Preferably, the delivery unit comprises a dissolvable coating on at least a portion of a surface of the catheter.
Preferably, the device further comprises a moveable cover mounted on the catheter for control of the release of the active agent, the cover being arranged to move between a first position in which the coating is covered, and a second position in which the coating is at least partially exposed.
Preferably, the device further comprises a control unit arranged to generate an electrical signal, coupled to the delivery unit, the delivery unit being arranged to selectively release said active agent in response to the electrical signal.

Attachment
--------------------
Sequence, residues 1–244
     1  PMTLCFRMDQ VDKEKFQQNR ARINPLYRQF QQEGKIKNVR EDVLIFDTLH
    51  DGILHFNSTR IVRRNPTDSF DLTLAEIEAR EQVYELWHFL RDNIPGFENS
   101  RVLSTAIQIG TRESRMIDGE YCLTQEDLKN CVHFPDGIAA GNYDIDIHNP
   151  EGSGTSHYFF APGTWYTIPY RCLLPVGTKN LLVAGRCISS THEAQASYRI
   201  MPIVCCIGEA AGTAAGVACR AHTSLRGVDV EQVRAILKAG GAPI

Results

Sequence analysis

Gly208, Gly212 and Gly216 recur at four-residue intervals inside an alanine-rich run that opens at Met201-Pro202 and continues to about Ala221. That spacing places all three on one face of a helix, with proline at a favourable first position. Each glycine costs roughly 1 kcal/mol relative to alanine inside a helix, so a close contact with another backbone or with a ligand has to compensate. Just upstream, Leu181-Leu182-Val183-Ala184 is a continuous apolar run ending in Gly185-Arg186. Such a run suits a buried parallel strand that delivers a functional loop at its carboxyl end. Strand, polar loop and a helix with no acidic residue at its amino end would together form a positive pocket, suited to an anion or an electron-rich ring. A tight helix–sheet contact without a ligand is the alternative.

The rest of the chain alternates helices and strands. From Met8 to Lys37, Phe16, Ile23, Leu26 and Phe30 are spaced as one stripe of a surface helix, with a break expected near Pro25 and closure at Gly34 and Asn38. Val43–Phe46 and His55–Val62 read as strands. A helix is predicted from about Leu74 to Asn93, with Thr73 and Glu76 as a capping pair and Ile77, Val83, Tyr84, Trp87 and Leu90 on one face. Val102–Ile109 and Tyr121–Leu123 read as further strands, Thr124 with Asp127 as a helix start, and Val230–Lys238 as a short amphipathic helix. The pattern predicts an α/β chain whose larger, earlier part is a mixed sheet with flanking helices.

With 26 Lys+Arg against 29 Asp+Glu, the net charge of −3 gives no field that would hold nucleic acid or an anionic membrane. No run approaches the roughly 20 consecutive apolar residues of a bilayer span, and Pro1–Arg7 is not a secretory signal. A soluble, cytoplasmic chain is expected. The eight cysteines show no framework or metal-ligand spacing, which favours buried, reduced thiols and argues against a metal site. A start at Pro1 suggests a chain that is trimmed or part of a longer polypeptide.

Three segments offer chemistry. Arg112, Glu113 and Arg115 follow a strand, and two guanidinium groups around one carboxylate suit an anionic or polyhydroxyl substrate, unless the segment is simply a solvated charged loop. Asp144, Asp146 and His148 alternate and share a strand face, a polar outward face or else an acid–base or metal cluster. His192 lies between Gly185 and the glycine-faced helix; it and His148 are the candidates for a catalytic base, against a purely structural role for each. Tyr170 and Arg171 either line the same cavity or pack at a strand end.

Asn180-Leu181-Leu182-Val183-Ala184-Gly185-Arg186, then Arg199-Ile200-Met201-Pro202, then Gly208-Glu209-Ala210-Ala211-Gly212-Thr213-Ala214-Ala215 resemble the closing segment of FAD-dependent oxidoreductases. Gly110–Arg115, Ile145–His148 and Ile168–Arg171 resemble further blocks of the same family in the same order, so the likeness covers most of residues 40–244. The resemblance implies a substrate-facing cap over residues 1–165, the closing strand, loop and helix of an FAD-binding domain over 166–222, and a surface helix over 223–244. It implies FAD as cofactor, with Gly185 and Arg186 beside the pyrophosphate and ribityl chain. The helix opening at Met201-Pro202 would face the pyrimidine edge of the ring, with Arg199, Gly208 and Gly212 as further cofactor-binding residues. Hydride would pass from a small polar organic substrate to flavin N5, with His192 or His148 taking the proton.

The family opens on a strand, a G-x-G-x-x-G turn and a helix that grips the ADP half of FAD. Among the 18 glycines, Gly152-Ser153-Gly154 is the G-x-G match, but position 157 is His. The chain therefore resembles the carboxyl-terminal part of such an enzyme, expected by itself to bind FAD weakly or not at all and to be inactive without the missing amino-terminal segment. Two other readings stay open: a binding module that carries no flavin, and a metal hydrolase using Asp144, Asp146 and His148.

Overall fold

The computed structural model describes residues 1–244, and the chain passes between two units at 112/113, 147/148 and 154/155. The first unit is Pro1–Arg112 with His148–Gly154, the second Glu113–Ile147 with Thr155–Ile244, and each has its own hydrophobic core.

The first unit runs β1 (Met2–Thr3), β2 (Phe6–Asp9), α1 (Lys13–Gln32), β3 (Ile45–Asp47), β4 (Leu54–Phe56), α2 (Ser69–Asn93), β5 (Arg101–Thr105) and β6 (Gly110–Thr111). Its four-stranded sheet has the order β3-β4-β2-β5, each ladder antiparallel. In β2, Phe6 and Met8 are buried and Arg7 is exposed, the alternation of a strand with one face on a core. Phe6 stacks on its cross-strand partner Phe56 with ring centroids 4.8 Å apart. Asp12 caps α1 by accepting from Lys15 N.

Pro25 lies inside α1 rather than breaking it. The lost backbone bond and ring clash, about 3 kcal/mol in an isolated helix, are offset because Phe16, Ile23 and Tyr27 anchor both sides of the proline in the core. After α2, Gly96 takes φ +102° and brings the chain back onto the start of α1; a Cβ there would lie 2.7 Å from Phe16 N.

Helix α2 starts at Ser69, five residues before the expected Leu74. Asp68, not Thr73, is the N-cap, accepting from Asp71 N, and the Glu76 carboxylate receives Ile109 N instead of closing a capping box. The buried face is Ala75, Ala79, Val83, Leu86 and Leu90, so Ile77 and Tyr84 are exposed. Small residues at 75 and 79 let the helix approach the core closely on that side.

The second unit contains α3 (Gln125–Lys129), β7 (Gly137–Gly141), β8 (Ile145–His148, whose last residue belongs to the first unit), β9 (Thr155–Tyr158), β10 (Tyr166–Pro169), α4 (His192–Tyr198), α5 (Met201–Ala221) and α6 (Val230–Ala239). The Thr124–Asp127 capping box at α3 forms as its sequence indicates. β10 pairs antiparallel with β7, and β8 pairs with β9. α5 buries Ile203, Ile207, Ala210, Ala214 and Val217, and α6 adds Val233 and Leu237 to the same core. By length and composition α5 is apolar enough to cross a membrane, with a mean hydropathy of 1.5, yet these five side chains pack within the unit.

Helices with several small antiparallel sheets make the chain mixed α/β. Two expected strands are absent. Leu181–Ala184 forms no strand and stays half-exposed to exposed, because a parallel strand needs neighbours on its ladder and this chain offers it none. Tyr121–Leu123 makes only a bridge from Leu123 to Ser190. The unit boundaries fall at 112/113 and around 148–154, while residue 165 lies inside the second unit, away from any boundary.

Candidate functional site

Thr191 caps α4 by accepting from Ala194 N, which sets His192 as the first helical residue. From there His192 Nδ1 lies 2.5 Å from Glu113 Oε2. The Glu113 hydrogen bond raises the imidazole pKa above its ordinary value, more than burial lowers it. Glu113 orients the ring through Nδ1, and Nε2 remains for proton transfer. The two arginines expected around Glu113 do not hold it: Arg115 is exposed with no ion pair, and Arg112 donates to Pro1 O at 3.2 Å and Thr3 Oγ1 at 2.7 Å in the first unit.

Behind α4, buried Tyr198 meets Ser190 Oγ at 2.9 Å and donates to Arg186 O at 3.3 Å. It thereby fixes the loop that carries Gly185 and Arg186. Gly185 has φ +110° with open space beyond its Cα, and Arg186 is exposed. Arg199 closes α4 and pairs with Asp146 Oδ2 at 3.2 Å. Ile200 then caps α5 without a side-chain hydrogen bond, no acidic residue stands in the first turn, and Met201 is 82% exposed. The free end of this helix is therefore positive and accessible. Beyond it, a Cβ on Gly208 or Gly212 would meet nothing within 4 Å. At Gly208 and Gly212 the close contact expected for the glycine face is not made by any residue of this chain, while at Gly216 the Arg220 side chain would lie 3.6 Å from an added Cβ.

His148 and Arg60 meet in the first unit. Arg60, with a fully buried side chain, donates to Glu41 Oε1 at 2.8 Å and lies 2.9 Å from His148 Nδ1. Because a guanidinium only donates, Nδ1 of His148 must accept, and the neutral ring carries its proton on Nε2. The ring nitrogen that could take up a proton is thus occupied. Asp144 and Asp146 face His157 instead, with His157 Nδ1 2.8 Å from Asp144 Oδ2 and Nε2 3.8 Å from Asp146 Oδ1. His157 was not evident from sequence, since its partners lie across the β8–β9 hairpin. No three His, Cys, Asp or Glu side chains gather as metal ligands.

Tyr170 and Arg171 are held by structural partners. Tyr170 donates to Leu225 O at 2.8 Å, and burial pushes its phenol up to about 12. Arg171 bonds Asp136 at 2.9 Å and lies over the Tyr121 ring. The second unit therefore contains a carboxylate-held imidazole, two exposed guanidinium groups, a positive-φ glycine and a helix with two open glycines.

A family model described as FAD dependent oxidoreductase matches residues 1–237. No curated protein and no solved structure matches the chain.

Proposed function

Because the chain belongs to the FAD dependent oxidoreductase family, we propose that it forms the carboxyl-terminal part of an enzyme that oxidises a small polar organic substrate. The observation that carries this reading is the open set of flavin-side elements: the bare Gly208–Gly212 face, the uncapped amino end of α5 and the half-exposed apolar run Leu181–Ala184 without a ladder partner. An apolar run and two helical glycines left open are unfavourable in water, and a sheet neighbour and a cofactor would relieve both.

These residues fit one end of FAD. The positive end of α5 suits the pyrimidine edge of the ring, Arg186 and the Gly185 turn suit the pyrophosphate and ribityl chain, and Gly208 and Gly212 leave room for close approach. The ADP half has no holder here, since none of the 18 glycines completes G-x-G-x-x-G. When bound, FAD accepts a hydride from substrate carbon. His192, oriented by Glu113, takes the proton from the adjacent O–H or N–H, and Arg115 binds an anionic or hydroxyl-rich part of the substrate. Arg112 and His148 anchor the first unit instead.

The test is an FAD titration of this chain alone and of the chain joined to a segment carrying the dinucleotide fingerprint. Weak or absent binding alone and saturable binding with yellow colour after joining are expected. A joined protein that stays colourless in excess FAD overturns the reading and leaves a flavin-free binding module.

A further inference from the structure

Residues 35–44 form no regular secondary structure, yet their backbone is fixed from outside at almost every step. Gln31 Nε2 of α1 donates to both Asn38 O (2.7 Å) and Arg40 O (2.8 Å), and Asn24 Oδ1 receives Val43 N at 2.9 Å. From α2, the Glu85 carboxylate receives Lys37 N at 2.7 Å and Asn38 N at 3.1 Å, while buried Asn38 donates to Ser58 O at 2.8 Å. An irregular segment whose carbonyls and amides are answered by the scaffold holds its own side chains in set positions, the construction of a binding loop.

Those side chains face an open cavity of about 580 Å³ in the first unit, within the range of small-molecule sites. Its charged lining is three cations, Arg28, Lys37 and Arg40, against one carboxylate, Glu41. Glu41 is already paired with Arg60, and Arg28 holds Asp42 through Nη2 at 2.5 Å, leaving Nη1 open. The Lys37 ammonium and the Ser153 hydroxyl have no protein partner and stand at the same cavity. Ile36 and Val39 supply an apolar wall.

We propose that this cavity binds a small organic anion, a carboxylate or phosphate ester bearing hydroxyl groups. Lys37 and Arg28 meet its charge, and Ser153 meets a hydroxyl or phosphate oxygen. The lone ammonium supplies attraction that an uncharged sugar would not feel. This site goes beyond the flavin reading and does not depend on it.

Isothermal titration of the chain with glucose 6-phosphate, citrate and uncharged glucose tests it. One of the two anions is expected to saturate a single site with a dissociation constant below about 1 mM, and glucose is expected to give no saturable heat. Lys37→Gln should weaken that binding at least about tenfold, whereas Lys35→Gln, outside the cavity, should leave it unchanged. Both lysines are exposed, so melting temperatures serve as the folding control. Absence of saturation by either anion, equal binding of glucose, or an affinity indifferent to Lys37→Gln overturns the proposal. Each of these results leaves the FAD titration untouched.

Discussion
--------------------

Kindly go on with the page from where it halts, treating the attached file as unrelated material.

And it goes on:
Preferably, the active agent acts as a taste stimulus.
Preferably, said active agent comprises an aversive tasting substance.
Preferably, said active agent comprises a strong tasting substance.
Preferably, said active agent comprises quinine.
Preferably, said active agent comprises quinine hydrochloride.
Preferably, said active agent comprises citric acid.
Preferably, said active agent is arranged to promote the release of at least one type of endocrine hormone.
Preferably, said endocrine hormone comprises cholecystokinin.
Preferably, the device further comprises a catheter position indicator arranged to indicate when the catheter is located in a predetermined position within a patient.
Preferably, said catheter positioning unit comprises electrodes located on a surface of the catheter, and an impedance measuring unit for determining when said electrodes are in contact with pharyngeal mucosa of the patient.
Preferably, the catheter positioning unit comprises a pressure sensor mounted on the catheter, for measurement of the high pressure zone in the upper oesophagus sphincter of the patient.